During the British period, the model legal system was developed in India. Before 1726, the courts derived their power, not from the British Crown but the East India Company.
  1. Charter of 1726:
    The year 1726 marked the beginning of a new phase in the evolution of judicial institutions in India. The mayor's courts were established in the presiding towns of Bombay, Calcutta, and Madras, they were the royal courts. The courts heard all civil suits, action pleas between parties, they followed the procedure based on English law. But there were no facilities to get the legal training. Many persons who do not know law were used to practice before the said courts. The Mayor's court has no jurisdiction in criminal cases. The criminal jurisdiction was conferred on the governor.
  2. Charter of 1753:
    It was issued to modify the charter of 1726. This charter also ignored significant provisions for legal training and education relating to legal practitioners and as such, after this charter also the legal profession was not organized.
  3. Charter of 1774:
    The British crown issued a charter in 1774 by which the Supreme Court of judicature was established at Calcutta. Clause 2 of the Charter empowered the said Supreme Court to approve and enroll advocates and Attorney-at-law. The Supreme Court had powers to remove any advocate or Attorney on reasonable cause.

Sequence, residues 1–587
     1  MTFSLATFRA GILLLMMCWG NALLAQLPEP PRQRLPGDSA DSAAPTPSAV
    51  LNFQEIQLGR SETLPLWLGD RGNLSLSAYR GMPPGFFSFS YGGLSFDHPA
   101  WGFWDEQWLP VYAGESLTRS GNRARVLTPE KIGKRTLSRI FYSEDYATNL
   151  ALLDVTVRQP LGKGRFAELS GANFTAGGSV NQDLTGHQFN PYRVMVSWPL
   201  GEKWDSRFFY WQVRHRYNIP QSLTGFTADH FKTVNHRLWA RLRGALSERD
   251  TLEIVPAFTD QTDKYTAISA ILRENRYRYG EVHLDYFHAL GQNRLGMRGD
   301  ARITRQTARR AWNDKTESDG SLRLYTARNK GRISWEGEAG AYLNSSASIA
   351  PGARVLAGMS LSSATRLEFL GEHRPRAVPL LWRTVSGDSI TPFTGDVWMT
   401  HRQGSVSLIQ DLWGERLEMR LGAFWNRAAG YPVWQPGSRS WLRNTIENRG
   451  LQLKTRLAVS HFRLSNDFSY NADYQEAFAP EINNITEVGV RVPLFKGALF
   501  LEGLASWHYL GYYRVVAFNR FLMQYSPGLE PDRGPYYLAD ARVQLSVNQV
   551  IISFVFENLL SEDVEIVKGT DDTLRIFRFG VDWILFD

Even the Charter of 1774 didn't provide for the appearance of the Indian Legal Practitioners to appear and to plead before the Supreme Court.
    'Advocate' means British and Irish Barristers.
    'Attorney' means the British Attorney or Solicitor.
  4. The Bengal Regulation Act of 1793:
    This act for the first time provided for a regular legal profession for the company's court. Under the regulation, only Hindu AND Muslims were entitled to be enrolled as pleaders.
  5. Indian High Courts Act, 1861:
    Under this act, The British Crown issued the Charter to establish one High Court in each presidency town. The civil Courts were organized in provinces also subsequently.
  6. Legal Practitioners Act, 1879:
    It was enacted to consolidate and amend the law relating to legal practitioners. It provided that an Advocate or vakil on the roll of any high Court can practice in all the courts subordinate to the courts on the role of which he was entered. According to this act, the High court was empowered to make rules consistent with the act as to suspension and dismissal of pleaders and mukhtars. Pleaders and Mukhtars were the Indian lawyers, but advocates were to be the barristers.